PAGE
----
(CNN) From the very beginning of his presidency, Joe Biden has pledged to make sure communities hit hardest by Covid-19 will receive sound information about the virus and access to vaccinations. "Equity (and) equality" remain "at the heart" of the government's responsibility, Biden said at a White House briefing last summer. "We need to go to community by community, neighborhood by neighborhood, and oftentimes, door to door -- literally knocking on doors." But some of the small groups representing communities of color that were contracted as part of a National Institutes of Health Covid-19 outreach project tell CNN they have not been paid properly. The end is near: The new pandemic data looks promising -- for some, anyway "We lost trust in the system," said Venus Ginés, president of Día de la Mujer Latina, who said the NIH effort has been "poorly managed from the beginning" and "poorly executed." "It's a very lousy system, … [Read more...] about NIH needed help reaching communities of color about Covid-19, but grassroots groups say they were not paid properly
This is a carousel. Use Next and Previous buttons to navigate 6 BERKELEY, Calif. - The University of California at Berkeley has labored to enroll more Black and Latino students in the quarter century since the state barred the consideration of race or ethnicity in its admissions. Still, those groups remain underrepresented at the renowned public university here on the eastern shore of the San Francisco Bay. The gap is huge for Latino students. They account for 55 percent of California's public school students, state data show, but 19 percent of UC-Berkeley undergraduates. UC-Berkeley is undeniably diverse. Just 20 percent of its undergraduates are White. But is it diverse enough? The university's demographics, and its arduous efforts to shape them, illuminate the stakes as the Supreme Court weighs a potential ban nationwide on affirmative action in admissions. Voters in California banned schools from considering the race of … [Read more...] about UC-Berkeley can’t use race in admissions. Is it a model for the country?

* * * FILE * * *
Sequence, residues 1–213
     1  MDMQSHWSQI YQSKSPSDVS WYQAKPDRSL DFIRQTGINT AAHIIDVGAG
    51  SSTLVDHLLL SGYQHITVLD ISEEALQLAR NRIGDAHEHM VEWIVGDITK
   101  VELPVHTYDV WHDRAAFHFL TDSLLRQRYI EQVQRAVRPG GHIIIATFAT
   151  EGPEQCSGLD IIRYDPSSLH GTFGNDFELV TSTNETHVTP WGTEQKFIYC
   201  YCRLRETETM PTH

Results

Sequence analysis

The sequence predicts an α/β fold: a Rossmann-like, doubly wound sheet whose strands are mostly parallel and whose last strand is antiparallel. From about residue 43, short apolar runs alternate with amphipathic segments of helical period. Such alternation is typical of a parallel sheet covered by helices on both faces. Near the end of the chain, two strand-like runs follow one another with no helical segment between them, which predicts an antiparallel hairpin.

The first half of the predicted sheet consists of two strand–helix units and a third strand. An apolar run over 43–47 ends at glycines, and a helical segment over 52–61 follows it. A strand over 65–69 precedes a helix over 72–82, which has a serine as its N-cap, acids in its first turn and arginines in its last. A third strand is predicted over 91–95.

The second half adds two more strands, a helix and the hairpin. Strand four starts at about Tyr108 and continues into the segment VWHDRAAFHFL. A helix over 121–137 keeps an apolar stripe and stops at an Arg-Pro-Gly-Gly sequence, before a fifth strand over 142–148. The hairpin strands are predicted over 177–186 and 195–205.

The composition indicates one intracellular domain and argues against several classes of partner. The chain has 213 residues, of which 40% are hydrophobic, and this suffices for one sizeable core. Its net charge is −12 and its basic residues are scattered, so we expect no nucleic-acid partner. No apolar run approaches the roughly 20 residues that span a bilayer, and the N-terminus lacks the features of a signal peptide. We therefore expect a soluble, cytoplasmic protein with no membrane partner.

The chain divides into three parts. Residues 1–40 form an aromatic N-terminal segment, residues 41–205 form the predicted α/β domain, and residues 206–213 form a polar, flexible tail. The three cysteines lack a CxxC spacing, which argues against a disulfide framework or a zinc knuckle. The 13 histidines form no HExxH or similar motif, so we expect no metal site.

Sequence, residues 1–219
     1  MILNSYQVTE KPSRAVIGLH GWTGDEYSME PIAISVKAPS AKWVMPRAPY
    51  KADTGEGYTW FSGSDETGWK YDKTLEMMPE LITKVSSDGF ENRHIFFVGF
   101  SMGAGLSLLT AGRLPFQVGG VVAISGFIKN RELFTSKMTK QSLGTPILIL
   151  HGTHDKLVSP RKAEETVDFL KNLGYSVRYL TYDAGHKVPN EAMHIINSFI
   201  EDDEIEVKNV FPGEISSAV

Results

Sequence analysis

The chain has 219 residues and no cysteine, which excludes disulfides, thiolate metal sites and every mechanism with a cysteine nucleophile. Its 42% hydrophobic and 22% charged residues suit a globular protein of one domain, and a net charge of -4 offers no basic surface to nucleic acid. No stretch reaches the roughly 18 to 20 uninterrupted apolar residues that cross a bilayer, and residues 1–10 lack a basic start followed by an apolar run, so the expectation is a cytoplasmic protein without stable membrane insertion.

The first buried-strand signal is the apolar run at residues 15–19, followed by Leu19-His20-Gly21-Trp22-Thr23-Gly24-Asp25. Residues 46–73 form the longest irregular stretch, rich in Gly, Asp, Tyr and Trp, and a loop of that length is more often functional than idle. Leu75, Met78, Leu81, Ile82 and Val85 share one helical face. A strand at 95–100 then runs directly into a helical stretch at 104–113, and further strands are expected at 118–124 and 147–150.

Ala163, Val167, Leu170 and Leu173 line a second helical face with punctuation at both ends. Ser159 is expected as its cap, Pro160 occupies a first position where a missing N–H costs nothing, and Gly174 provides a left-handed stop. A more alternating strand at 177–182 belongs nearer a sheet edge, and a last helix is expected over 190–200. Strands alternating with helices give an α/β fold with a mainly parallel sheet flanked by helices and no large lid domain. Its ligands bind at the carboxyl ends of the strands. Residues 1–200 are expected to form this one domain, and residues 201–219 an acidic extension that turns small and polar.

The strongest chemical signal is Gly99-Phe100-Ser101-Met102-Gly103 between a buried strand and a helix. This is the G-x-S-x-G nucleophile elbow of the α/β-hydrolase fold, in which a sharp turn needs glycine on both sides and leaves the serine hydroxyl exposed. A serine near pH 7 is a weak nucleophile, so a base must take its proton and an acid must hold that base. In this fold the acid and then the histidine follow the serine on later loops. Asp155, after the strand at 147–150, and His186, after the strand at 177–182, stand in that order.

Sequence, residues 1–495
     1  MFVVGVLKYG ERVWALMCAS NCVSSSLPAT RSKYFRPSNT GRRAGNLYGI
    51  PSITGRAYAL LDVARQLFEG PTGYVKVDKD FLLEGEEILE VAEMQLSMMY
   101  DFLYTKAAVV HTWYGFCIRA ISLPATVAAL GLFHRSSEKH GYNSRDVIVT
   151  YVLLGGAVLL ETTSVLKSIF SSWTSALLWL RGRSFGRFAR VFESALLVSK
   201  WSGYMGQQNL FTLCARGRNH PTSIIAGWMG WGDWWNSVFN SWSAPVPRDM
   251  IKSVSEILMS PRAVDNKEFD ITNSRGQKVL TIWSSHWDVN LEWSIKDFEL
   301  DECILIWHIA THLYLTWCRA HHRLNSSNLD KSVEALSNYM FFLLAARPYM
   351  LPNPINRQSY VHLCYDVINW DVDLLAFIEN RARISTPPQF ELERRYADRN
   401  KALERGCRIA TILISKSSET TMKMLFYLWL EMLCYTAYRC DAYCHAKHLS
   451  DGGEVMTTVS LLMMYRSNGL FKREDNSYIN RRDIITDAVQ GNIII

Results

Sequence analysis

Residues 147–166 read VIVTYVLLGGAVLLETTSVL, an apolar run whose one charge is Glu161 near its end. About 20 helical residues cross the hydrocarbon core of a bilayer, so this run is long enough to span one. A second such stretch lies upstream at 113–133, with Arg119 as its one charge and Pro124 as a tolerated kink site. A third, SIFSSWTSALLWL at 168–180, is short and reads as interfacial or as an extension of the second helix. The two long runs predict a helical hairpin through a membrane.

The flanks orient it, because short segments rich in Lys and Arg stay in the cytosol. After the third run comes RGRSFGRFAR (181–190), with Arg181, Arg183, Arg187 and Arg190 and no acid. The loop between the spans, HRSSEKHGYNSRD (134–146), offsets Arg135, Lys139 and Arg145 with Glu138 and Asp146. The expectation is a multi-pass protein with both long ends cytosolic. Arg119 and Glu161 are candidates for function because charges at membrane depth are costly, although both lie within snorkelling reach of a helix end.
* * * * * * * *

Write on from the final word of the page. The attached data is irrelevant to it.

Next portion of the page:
In Paul Thomas Anderson’s cinematic love-in “Inherent Vice,” Joaquin Phoenix plays Doc Sportello, a Los Angeles shamus in Jesus sandals trucking through the sunshine and noir like a stoner Philip Marlowe. Based on the 2009 Thomas Pynchon novel, the film is set in 1970, the year after Charles Manson freaked the city out and its good vibrations faded into an endless summer bummer. That’s the gospel according to Joan Didion , at any rate, who in “The White Album” writes that many people she knew believed the 1960s ended Aug. 9, 1969, the day the Manson Family began its Helter Skelter frenzy. Somehow Doc, a hippie crowned in a halo of pot smoke, never got the message. Mr. Anderson, a Los Angeles son and its reigning cinema laureate, knows California’s plagues and pleasures well. His films are filled with its light and malevolent forces, its faith healers and dream peddlers. Bodies writhe like Cecil B. DeMille extras in “Boogie Nights,” in which a pornutopia is found and lost, while a … [Read more...] about Noir Days of Sun, Los Angeles Smog and Marijuana Haze